Several findings in this and our previous studies are inconsistent with this hypothesis. The existence of tonic activity in the diaphragm in awake subjects is controversial. [15,30]Anesthesia does not significantly change the net end-expiratory position of the diaphragm, [14-16,25,31]but rather changes its shape, with nondependent regions moving caudad and dependent regions moving cephalad. These changes in position may be related to anesthesia-induced changes in the other chest wall structures to which the diaphragm attaches. The cephalad motion of the dependent diaphragm could still compress lung tissue and produce atelectasis, and indeed the subject with the greatest motion also had the greatest amount of atelectasis (Figure 7). However, for all subjects, there was no correlation between cephalad motion of the dependent diaphragm and the amount of atelectasis, as would be expected if this was the primary mechanism responsible for atelectasis. Furthermore, in anesthetized subjects, paralysis and mechanical ventilation produced a small cephalad shift in end-expiratory diaphragm position as compared with its position during spontaneous breathing, while the amount of atelectasis decreased. The tidal excursion of the most dependent portion of the diaphragm, which could also affect the formation of atelectasis, was not significantly different between spontaneous breathing and mechanical ventilation (1.0+/-0.1 and 1.1+/-0.1 cm, respectively). These results do not support a primary role for diaphragm displacement in the genesis of atelectasis in these healthy subjects.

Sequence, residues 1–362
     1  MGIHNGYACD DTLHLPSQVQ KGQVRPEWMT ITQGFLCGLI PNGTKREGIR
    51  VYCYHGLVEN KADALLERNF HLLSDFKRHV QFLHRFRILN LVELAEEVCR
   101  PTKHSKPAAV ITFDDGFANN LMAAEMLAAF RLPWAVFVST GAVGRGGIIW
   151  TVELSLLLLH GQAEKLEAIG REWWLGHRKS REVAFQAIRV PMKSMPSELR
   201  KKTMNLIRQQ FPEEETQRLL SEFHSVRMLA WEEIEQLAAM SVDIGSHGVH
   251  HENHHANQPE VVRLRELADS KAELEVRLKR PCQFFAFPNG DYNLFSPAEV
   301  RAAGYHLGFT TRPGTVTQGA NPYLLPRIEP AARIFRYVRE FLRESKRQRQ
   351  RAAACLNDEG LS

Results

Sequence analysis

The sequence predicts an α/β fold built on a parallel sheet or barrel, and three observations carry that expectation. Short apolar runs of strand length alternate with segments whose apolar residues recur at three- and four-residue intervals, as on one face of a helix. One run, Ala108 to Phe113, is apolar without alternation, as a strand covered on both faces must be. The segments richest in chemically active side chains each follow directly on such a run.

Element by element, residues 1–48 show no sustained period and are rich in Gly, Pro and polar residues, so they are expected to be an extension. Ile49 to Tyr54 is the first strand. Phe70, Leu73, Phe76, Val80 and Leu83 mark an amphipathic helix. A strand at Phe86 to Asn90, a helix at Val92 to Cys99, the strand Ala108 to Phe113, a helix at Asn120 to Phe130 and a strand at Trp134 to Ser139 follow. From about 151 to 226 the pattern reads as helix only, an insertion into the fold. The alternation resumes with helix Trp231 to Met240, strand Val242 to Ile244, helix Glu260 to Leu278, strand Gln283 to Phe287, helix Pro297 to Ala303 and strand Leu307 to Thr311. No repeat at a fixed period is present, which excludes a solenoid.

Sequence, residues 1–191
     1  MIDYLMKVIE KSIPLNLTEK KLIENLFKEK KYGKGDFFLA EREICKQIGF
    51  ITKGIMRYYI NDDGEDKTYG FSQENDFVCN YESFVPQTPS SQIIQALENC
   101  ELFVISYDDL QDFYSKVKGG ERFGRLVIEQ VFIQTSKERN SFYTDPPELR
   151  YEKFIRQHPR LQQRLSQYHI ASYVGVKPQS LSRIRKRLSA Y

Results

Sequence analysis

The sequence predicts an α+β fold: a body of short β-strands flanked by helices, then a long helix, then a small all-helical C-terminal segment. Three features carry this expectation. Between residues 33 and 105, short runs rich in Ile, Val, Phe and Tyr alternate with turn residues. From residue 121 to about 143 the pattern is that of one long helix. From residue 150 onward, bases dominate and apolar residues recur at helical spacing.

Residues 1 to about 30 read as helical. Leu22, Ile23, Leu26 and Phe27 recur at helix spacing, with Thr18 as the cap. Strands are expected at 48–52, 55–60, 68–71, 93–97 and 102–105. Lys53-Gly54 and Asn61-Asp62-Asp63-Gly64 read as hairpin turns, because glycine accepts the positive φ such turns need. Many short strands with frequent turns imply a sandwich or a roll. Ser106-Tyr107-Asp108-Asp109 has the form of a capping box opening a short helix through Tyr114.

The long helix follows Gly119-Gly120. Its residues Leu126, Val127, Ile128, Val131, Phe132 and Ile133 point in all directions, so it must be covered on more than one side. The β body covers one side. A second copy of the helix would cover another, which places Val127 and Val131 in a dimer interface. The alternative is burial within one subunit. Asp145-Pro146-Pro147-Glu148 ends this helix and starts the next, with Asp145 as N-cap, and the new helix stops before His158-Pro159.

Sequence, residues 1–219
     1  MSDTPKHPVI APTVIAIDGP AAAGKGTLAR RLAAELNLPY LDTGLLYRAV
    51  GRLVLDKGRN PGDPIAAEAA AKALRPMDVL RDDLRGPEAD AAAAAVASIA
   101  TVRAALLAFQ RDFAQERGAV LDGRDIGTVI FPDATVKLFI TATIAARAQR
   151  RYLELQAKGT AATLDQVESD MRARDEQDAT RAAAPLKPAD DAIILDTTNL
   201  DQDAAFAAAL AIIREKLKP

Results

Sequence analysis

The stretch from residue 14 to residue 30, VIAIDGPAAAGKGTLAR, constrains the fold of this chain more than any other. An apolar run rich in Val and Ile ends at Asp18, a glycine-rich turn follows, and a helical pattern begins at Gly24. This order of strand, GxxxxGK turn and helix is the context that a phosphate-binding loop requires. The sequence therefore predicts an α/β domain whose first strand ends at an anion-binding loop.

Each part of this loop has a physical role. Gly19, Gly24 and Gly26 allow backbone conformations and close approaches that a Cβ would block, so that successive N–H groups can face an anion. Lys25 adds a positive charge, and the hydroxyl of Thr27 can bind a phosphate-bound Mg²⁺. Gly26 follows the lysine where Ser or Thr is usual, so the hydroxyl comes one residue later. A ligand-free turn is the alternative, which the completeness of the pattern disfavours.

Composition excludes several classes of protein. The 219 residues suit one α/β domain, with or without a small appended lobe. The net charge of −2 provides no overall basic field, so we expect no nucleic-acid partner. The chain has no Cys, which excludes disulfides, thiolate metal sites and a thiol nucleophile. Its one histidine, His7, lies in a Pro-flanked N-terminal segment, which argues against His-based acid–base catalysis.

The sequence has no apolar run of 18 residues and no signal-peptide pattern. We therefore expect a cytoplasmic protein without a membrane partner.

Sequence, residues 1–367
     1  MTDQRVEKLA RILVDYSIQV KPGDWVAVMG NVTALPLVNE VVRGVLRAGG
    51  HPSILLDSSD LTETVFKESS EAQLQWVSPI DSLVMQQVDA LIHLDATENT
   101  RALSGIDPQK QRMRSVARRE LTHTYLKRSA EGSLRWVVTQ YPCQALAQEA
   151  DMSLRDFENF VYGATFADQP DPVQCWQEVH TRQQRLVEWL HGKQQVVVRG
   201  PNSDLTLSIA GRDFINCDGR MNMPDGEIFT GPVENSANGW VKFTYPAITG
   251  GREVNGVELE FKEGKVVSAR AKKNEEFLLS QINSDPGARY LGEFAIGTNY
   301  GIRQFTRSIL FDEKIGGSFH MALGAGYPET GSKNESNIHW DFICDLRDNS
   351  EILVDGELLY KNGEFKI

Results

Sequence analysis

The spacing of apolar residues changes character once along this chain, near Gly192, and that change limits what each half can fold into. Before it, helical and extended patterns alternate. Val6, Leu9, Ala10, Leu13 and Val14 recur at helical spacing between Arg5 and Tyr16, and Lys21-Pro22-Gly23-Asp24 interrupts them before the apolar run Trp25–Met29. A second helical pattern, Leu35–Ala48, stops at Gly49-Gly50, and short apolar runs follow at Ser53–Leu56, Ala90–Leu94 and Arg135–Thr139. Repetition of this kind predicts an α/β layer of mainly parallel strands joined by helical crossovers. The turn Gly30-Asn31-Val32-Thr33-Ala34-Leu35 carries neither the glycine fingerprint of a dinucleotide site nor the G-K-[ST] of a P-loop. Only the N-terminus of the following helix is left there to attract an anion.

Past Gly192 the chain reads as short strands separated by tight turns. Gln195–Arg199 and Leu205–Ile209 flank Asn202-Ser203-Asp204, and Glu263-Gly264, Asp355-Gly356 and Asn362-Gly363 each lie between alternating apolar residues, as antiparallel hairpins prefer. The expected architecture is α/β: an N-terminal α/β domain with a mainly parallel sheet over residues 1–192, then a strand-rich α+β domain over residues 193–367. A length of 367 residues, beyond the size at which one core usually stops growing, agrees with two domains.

It is possible that no correlation was seen between the amount of atelectasis and diaphragm displacement because of the relatively modest amount of atelectasis that developed in most of these healthy volunteers (i.e., small relative to some previous observations in older surgical patients). The highly significant correlation between the volume of atelectasis and alveolar to arterial gradient for the partial pressure of oxygen demonstrates that physiologically significant correlations can be demonstrated in this group of patients with our measurement techniques over the range of atelectatic volumes measured. However, greater amounts of atelectasis have been reported in some patients in Hedenstierna's studies, and our data cannot exclude that diaphragm displacement may be associated with atelectasis in some of these patients.